floria sigismondi's trippy new photo book features tilda swinton and bowie
'Eat the Sun' is a star-studded showcase of the director's provocative filmmaking and photography career.
Floria Sigismondi is one of the boldest women filmmakers today. She has brought her surreal style to music videos for David Bowie’s Dead Man Walking and Rihanna's Sledgehammer. As of late, the chatter has been around her forthcoming film project The Turning, an adaptation of a Henry James novella starring Stranger Things’ Finn Wolfhard, but she has been quietly working on another project: a photo book.
Eat the Sun, out September 12 with Gestalten, is a romp through 25 years of Sigismondi’s award-winning filmmaking and photography career featuring spooky shots of Tilda Swinton and Bowie, some of which are stills from his music video for The Stars Are Out Tonight. Sigismondi said the duo shared a “mystical, alien-like quality.” Topping off the lush, star-studded collection, are shots of Elle Fanning dressed as a punk rock angel, as part of a selection of outtakes from a Sigur Ros film.
Sigismondi got her start in Toronto, where she first worked as a fashion photographer in the 1990s. Soon after, she started directing music videos, and her dark, otherworldly film style attracted musical acts from Marilyn Manson to Justin Timberlake. Eventually she went onto direct feature films.
We spoke to The Canadian-Italian director—who considers filmmaking a feminist act—about the wisdom she learned from Bowie, book collecting, and peeling back the layers of Hollywood.
What made you decide it was time for a book?
My last book Immune came out in 2005. I’ve been immersed in many projects since then, from directing two episodes of The Handmaid’s Tale to my two feature films; The Runaways and the upcoming The Turning, out in January 2020. I’m always shooting photos and felt like this was great time to put together a collection and share them. Making a new book is always a cathartic process for me. When it’s complete, it enables me to push forward into new territory, to try new things visually.
Where did the title Eat the Sun come from?
It’s from the ancient ritual of sun gazing, which is thought to energize the pineal gland, the third eye, and brings you superhuman powers. I believe in intuition and creating from that place. I like the idea of the sun as this energy we can tap into, a ball of fire that is dangerous and life giving. People are like big beautiful suns that feed off each other, sharing electric moments. That is how I look at creativity and capturing a moment in time.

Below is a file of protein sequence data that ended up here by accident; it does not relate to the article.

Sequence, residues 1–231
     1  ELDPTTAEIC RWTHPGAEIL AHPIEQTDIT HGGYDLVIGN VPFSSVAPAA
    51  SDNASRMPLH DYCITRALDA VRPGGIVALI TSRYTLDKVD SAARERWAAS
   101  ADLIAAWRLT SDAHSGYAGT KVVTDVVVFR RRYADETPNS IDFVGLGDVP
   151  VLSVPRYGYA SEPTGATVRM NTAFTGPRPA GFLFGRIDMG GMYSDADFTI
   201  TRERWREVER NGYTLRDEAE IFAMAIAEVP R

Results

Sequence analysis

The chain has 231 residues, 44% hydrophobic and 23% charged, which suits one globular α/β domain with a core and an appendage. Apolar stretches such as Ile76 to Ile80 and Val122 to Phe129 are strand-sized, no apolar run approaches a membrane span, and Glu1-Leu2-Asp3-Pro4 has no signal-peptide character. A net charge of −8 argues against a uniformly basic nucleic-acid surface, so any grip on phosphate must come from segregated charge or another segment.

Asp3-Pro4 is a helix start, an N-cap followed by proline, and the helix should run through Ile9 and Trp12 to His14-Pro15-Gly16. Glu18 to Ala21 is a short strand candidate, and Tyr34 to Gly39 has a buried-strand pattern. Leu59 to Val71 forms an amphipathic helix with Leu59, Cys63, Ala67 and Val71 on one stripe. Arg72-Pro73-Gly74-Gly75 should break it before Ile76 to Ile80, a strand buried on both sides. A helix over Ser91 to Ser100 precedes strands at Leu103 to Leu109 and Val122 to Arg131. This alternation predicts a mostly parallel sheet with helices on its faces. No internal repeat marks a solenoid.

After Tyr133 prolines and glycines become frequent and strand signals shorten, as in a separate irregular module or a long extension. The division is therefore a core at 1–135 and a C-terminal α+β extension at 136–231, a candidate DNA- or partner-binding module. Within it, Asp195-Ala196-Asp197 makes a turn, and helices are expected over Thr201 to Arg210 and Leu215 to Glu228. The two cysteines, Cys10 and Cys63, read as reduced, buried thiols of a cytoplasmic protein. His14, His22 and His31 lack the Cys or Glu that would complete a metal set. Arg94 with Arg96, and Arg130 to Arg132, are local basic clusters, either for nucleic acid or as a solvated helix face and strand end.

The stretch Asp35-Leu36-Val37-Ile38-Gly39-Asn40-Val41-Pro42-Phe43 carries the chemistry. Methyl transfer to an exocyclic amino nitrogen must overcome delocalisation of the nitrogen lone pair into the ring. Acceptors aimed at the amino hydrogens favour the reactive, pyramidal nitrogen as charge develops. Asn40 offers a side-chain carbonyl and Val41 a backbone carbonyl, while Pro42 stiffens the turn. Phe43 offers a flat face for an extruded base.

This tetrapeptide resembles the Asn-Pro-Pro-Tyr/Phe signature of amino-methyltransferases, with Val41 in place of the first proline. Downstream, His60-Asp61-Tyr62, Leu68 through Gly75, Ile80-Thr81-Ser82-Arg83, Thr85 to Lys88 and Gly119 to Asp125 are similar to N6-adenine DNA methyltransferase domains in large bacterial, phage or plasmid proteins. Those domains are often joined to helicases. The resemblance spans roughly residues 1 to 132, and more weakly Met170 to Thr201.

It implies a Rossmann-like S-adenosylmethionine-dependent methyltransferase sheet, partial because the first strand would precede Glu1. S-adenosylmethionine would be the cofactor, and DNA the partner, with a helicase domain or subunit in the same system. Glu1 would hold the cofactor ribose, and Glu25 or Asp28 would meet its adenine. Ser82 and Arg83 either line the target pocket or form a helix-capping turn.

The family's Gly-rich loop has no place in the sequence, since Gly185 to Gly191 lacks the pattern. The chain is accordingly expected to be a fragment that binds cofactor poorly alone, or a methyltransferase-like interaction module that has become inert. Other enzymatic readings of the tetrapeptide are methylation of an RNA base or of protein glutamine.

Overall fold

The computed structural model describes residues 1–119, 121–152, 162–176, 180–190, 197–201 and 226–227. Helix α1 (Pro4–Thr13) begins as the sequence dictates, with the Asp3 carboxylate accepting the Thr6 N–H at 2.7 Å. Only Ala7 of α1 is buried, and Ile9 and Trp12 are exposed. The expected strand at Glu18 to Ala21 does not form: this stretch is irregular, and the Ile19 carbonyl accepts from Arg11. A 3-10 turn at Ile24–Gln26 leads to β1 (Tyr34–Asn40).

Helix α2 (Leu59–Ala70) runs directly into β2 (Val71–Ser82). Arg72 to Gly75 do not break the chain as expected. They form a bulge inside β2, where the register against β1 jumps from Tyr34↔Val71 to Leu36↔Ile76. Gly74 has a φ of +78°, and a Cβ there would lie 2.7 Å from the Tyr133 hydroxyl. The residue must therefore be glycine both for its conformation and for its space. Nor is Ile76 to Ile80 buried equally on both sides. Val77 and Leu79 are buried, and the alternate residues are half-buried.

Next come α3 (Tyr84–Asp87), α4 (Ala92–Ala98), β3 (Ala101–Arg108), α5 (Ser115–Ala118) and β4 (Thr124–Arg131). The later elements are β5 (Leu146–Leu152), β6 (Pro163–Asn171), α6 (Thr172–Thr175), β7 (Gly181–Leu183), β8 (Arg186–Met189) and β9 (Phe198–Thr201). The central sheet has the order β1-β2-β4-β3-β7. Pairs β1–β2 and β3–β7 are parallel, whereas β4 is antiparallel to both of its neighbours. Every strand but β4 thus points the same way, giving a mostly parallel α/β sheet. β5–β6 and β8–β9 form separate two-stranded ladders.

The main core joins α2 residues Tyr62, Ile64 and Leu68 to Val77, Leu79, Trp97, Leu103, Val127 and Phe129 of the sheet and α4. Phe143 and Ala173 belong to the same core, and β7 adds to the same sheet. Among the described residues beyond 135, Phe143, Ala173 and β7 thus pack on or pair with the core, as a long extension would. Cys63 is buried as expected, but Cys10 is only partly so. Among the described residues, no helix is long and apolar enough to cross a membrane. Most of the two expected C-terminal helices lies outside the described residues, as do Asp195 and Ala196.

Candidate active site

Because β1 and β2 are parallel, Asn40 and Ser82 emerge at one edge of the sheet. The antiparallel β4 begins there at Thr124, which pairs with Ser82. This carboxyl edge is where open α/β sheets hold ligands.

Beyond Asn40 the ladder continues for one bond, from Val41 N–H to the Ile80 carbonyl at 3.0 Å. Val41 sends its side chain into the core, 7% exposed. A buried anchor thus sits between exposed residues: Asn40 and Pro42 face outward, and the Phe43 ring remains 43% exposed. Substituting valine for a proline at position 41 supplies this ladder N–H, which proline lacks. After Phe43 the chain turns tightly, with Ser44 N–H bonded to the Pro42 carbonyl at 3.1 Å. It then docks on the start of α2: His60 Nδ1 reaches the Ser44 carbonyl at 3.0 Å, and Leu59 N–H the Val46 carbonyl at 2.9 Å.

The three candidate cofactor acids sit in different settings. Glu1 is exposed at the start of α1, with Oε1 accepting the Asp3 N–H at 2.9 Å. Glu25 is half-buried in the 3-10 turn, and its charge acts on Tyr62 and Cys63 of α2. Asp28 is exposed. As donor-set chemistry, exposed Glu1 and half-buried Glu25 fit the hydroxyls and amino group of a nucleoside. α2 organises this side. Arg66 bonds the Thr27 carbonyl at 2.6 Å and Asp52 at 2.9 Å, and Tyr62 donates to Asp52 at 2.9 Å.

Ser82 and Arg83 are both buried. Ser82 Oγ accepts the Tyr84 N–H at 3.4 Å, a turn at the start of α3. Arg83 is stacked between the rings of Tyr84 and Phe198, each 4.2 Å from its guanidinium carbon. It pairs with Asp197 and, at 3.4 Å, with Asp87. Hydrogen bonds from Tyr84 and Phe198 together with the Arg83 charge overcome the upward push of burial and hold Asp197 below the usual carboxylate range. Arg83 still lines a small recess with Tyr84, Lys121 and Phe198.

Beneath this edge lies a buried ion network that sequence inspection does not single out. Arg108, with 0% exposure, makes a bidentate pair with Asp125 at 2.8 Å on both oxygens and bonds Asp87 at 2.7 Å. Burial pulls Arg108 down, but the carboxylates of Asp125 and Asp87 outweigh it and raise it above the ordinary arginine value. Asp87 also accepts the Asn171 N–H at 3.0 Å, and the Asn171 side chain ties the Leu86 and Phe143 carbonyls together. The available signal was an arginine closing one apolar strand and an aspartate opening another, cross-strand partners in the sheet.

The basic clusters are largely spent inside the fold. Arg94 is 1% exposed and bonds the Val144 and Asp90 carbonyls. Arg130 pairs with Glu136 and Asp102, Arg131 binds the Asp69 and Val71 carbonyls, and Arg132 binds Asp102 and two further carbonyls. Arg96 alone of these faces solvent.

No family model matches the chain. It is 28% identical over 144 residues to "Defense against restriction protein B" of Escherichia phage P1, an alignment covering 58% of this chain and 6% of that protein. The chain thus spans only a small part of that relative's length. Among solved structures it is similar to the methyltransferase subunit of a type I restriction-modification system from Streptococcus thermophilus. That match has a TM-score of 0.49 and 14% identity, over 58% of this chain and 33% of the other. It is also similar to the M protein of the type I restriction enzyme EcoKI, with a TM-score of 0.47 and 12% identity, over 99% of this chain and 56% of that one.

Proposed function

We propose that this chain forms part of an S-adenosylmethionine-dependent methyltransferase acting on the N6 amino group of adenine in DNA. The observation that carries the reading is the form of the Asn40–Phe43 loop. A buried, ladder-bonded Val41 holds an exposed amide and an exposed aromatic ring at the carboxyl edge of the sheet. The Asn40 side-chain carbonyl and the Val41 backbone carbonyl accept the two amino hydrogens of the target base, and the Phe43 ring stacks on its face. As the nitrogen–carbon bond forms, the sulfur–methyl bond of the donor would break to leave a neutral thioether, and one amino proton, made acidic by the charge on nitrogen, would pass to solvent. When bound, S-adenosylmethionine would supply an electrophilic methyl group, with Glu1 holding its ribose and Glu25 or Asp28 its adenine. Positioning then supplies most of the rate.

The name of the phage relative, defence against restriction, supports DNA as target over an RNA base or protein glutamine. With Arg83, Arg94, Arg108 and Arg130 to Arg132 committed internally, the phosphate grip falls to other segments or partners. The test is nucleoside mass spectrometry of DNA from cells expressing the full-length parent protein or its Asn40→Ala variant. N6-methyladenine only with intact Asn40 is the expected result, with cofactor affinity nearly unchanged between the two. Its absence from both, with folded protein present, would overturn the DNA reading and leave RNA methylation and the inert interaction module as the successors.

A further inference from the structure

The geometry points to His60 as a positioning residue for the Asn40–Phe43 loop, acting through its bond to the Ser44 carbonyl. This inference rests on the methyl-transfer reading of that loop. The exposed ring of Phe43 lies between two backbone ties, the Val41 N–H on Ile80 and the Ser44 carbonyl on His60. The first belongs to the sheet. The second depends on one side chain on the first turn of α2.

What has never been seen or published before in this book?
There are many never before seen photographs in Eat The Sun. With online and social media, various others have floated around, but this is the first time that all the photos will be presented in high-resolution and in the full spectrum of colors. I’m an avid book collector and there is something very special about the ritual of flipping through a physical book.
How much of it is stills from your music videos?
I would say about half. I’ve also included stills I’ve taken on the set of my first film The Runaways and from my upcoming film The Turning.
You’ve shot many celebs, but your aesthetic tends to be dark. Do you ever feel like you’re showing the underbelly of Hollywood?
Los Angeles has many exhilarating sides—the glamour, the darkness, the magnificent, the magic. When looking beyond the facade and the exaggerated reality, I have found it to be an inspiring and artful place where opposite worlds collide.
What is your approach to taking a photo, what’s the most important thing?
Some things are planned and setup, but I like to keep the environment spontaneous and alive in the moments. There is an unconscious approach to capturing my photographs. I search to find the unspoken in an image, a feeling.
What did you learn from David Bowie, having collaborated with him on multiple music videos?
David Bowie has taught me many things. He taught me to respect the creative process. He was very respectful of that with me. He didn’t like to think about things too much, more like following your first gut impression, so he taught me to just do it fast and move on. He taught me to trust myself, listen to my voice. He taught by example. He did what he wanted to do and changed the world with his ideas, his lyrics... blowing minds.
The last time you were interviewed by i-D, you said there needs to be more women behind the camera. Have we made any progress?
Some progress has been made with regards to women directors in film, TV, and videos. But we are far from a substantial shift. We need more stories told in the point of view of women. We are half the population for crying out loud. We should tell our own stories.
What unexpected thing can we expect in your forthcoming film, The Turning?
Hmmm…many unexpected things! It’s inspired by the novella, The Turn of The Screw by Henry James. The Turning is set in the 1990’s. We follow Kate, a nanny played by Mackenzie Davis, who has been hired to take care of two orphaned children played by Brooklynn Prince and Finn Wolfhard. Quickly she believes both the children and the house may be harboring dark secrets. Her reality is thrown into a haunted spiral.
I studied at the Ontario College of Art and Design in Toronto, after you graduated. I was in awe of your work, so I asked one of my professors what it was like teaching you. They said: “If Floria put as much work into art as she does her style, she will be successful, and she is.” Did you show up at art school dressed in high fashion?
In college, I lived on a tiny budget for clothes, but my mother was a seamstress growing up, so we always made our own clothing. I designed most of my own clothes and I would mix them with vintage pieces. I find the ritual of dressing is something I like to do. It’s something that has always defined me.